Those “Palestinian Textbooks”: A Comedy of Errors, Or Deliberate Deception? (Part 1)


The E.U. commissioned a study of Palestinian textbooks to see if claims that they encouraged violence against Jews were true. A group of German analysts at the Georg Eckert Institiute were entrusted with the study, and they concluded that the Palestinian schoolbooks had been unfairly maligned; the Palestinian schoolbooks, they found, contained no such incitement. It turns out, however, that they were looking at the wrong books. The story of this sinister comedy of errors is here.

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A post-Brexit row, described as “a comedy of errors,” has broken out between the European Union and Britain over a review of Palestinian school textbooks that was commissioned before Britain left the EU on January 31, 2020.

Israel-based education watchdog IMPACT-se states that preliminary reviews of the textbooks, carried out by the German Georg Eckert Institute, contained numerous errors. First among them: IMPACT-se claims that the institute was actually looking at the wrong textbooks.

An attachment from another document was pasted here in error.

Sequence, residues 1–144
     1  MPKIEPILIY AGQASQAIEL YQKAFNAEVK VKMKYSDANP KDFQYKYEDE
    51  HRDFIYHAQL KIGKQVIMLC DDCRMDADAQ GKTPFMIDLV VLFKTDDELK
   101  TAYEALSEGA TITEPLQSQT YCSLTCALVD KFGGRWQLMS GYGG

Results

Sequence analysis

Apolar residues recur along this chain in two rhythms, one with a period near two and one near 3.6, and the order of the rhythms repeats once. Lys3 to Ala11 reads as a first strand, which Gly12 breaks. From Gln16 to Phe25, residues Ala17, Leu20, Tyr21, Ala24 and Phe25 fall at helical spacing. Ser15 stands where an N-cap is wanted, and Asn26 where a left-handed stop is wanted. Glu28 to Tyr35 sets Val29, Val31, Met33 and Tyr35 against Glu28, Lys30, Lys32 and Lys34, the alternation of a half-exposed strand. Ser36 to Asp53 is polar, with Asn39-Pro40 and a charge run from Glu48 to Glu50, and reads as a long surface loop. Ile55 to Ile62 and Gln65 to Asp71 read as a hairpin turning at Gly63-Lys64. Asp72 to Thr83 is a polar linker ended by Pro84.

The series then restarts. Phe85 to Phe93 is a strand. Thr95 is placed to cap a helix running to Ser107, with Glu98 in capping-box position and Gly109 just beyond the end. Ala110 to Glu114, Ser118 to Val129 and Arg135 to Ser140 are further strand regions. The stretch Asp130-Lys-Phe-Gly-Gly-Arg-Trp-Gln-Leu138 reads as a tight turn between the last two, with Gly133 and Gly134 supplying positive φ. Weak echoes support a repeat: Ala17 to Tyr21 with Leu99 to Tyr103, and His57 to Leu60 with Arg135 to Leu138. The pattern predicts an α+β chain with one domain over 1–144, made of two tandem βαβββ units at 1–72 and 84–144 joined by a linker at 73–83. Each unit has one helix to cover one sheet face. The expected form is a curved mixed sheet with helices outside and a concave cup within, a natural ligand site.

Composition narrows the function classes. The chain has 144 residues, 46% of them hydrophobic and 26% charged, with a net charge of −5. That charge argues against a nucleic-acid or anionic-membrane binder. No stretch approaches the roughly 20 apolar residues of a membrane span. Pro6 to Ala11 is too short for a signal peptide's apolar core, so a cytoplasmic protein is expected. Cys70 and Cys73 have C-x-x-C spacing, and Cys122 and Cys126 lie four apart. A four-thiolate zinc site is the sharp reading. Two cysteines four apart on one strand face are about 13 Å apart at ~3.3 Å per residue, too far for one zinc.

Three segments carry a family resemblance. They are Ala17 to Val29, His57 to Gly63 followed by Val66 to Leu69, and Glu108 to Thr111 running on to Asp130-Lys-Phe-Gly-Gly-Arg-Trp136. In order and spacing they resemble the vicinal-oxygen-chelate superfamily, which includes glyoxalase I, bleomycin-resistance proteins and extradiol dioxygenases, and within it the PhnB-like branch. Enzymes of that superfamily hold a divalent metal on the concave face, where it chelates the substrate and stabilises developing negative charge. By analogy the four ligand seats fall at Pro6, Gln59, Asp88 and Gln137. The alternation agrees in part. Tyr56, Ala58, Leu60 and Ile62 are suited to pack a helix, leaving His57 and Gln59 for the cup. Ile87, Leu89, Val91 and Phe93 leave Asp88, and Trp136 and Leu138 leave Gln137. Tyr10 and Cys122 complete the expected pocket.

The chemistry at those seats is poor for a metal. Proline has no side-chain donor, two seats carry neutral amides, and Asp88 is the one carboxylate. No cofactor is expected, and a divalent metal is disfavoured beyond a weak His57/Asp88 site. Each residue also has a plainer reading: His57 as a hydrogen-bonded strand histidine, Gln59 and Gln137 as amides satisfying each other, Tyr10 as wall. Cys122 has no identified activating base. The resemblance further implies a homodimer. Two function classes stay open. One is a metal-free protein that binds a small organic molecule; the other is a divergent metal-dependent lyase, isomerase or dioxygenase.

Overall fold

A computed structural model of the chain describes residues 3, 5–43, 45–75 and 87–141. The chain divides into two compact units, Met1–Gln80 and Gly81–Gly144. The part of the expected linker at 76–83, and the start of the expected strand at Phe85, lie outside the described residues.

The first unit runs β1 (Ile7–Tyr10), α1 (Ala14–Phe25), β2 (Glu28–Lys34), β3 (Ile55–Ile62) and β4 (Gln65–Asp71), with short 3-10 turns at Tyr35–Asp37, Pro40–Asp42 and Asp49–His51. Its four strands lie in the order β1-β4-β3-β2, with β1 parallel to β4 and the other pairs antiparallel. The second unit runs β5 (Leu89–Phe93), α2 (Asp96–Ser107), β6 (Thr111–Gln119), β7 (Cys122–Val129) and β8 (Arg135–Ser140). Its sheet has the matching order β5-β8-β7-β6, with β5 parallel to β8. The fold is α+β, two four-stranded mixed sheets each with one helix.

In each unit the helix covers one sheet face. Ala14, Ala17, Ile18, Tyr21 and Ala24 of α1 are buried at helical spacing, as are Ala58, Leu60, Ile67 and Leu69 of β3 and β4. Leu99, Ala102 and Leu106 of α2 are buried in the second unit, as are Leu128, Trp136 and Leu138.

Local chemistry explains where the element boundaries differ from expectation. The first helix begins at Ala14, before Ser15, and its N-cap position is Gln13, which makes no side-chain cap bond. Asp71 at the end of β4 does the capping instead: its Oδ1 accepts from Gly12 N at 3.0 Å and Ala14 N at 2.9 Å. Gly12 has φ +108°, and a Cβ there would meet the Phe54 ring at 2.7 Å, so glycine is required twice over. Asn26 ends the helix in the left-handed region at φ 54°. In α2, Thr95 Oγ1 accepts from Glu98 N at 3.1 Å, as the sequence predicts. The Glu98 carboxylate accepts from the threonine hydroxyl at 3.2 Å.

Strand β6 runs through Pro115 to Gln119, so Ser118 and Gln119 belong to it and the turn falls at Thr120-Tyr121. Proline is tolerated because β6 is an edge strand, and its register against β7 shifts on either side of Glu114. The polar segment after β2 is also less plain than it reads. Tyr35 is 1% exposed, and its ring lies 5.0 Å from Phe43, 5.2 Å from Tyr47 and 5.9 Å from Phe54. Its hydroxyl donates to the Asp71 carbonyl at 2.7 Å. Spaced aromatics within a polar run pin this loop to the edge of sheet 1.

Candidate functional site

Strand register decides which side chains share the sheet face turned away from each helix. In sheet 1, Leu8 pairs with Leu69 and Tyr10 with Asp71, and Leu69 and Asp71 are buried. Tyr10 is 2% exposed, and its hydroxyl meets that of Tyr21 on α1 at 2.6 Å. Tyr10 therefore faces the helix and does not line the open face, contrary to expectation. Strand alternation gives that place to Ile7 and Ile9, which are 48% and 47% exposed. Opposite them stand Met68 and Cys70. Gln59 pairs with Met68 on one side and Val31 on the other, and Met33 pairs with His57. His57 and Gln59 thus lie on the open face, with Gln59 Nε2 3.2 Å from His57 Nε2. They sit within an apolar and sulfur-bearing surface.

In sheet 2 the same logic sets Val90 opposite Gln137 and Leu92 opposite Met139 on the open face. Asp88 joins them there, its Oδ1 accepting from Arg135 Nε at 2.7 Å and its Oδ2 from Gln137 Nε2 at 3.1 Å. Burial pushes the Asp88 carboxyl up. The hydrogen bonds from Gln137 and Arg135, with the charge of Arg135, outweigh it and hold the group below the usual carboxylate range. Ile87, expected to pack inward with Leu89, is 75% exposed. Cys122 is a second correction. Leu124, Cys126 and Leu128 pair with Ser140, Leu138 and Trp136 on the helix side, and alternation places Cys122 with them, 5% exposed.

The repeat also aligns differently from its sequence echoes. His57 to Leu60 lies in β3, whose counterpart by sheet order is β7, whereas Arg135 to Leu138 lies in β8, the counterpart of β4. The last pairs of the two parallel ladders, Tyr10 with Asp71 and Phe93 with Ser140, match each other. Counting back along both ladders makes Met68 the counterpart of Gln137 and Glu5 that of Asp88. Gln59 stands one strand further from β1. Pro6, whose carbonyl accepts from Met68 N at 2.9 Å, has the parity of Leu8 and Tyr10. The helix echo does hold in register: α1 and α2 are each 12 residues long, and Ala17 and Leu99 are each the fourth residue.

According to IMPACT-se, the institute examined books used in Israel’s Jerusalem municipality Arab schools, and not those used in the Palestinian territories.

The Georg Eckert Institute analysts apparently had mistaken Israeli-prepared texts for use in Arab schools in Jerusalem for the Palestinian-prepared texts they were supposed to be examining. Or could it have been not a mistake, the result of negligence and ignorance but, rather, a deliberate attempt to fool the E.U.? Fortunately, the error, deliberate or otherwise, was discovered by the Israeli-based organization IMPACT-se, that among its tasks studies Mideast school textbooks for signs of prejudice. It appears that the Eckert Insitute study was also “plagued by poor comprehension of Arabic, missing terminology and factual inaccuracies.”